Choose your most important goal and slot time to work on it into your list during your highest energy time of day. For some that is first thing, for the night owls it is much later. Working on this task early is always a good idea as you will rarely have a day spin out of your control first thing in the morning.
If first thing in the morning are your ‘A’ items, after work and the end of the day are good times to schedule ‘B’ items. For me this tends to be a project in the garage or around the house; something that gets me out from behind a computer.
The last areas to examine are your inbetween times; daily travel time, lunch break, etc. It is amazing what you can accomplish in only 15 minutes each day (especially if performed consistenly! Notice a trend here?). For example, the first time I get into the car every day, I immediately put on a Spanish audio lesson that lasts about 15 minutes. After seven months of this I can see a vast improvement, and in another seven I’ll be that much better.
Applying focus to a small number of tasks consistently will yield greater results than if you try to do everything all at once. Commit to a task or activity for a full year and you will go far with it.
No two days are the same. Things get in the way and practice sessions get missed. The key is to get back on track quickly, and logging your progress is the best way to manage this.
Marking an ‘X’ each day on the calendar, or writing a line in a notebook; how you track progress is up to you. But having a record of your progress is invaluable, both for motivation and in order to recognize how far you’ve come. It allows you to see what is working and make adjustments for what is not.
I use a Bullet Journal, with a monthly agenda handwritten into a notebook. This has dates down the left side, with daily tasks along the top. When I complete a task that day I’ll mark an ‘X’ in the box for that date. If I hit all tasks for the day I feel great! If I am lax in keeping my book updated I feel bad. It is a powerful form of self-motivation.
Normally I have four “must-do” tasks; Writing, Running, Training (weights, etc.) and Spanish. Certain months I will add a fifth line and try to incorporate something else that I am trying to get done. Some times this works, sometimes it doesn’t, but if I test it for a month then I can figure out if it is a good fit and I’ll have data to back it up.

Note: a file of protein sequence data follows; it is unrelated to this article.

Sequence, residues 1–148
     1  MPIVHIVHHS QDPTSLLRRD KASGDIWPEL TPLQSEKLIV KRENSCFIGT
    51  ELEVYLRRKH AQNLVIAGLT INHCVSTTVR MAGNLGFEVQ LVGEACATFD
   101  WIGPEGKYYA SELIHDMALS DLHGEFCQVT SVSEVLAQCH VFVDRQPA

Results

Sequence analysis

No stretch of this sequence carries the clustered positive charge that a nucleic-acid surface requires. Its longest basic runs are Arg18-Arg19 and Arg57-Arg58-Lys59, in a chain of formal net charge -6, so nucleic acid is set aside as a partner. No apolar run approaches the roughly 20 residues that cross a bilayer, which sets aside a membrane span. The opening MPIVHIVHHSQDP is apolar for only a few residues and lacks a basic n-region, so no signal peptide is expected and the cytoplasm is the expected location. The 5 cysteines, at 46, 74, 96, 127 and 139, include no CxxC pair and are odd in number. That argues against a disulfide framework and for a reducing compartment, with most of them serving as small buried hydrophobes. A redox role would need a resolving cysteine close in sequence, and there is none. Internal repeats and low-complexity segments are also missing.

The Final Point
The final point to consider on your PDI is the starting and stopping times. Are they realistic? Have you separated them by eight hours for a good night sleep?
I went through a phase where I was getting up at 04:45 a.m. each day, in order to be working by 0500. Trouble with that is I would need to go to bed at 09:00 p.m. to get enough sleep, which is a non-starter. Over time I’ve adjusted my wake up time to 05:45 a.m. which means lights out at 10:00 p.m. This fits my lifestyle much better and because I’m well rested, many days I’ll wake up before my alarm which buys a little extra time.
You like to stay up later? That’s fine. If you can use those night hours to get your training in and your projects completed then good. But if you are staying up past 11:00 p.m. watching Netflix, dragging ass the next morning, then complaining you have “no time” to dedicate towards your goals and dreams, then I encourage you to reevaluate your priorities and change up your routine.
Putting down your Perfect Day on paper is a great way to start. Imagine getting every single thing done that you set out to do today! It is an empowering feeling. With the PDI as a base, track your progress and modify until you come up with something that works for you. Then resolve to live that day just once, hitting each mark as written. Accomplish this once and you’ll be able to do it any day you choose.
Do you tend to have a rigid daily schedule? Do you work on certain tasks at the same time every day, or do you let things happen as they may? Where do you find the best results?